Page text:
Every year for the Ig Nobel Prizes
highlight science that "Makes us laugh, then makes us think." Research like why leaning to the left makes the Eiffel Tower seem smaller
or what the brain scan of a dead fish can tell us about statistical controls
. Check out this week's podcast
for more highlights and in-depth interviews with the winners.
The presentations are made at prestigious Harvard University's Sanders Theater. Naturally, the presentation ceremony itself is pretty gonzo, a stark contrast to the stodgy atmosphere of the Ivies. It's science's chance to let its hair down for an evening.
|Sanders Theater the night of the ceremony. It has no idea what's about to hit it. It's a building, it has no ideas about anything. |
|Before the show, performers warm up the crowd with a Keromin concert, plush frogs with theremins built into them. |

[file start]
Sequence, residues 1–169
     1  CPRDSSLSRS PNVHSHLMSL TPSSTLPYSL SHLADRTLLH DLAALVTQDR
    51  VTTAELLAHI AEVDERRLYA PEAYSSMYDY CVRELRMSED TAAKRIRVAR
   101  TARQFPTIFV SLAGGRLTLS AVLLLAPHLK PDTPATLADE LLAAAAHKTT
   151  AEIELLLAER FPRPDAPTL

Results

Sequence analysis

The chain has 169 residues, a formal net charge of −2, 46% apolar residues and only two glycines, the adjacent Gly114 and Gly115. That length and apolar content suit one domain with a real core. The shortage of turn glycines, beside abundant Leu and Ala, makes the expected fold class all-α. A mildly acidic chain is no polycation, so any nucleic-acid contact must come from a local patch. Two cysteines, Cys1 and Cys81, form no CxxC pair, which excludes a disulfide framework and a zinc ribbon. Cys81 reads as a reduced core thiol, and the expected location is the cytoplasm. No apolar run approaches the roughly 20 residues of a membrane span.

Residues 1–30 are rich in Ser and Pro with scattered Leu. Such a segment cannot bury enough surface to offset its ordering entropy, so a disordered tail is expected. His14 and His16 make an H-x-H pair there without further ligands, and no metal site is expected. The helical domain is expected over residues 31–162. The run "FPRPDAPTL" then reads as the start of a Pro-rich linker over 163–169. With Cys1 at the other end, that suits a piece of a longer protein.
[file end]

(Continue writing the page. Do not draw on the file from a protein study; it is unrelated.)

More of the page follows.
|The winners are led onto the stage they're a skittish bunch, and the rope helps keep them in line. |
|Dr. Elena Bodnar takes a bow after demonstrating her prize-winning invention, a combination bra and gas mask, on a couple of actual Nobel laureates. Also, WATCH OUT FOR THAT FISH! |
|Physics Prize winner, Joseph Keller, learns the hard way what happens to speakers who go longer than their one minute speaking allotment. He is shouted down by the "Little Miss Sweetie Poo" combo. These kids are serious about time limits and have no problem telling Keller just exactly how boring he is. Which is a lot, apparently.|
|...there's that fish again.|
|Ladies and gentlemen: ready... aim....|
|FIRE!!! Pew! Pew! Pew!|
|Part-time paper airplane sweeper, and full-time Nobel laureate, Roy Glauber is on hand to help clean up the deluge of tiny folded aircraft. |
|All rise for the obligatory photo-op at the end of the show.|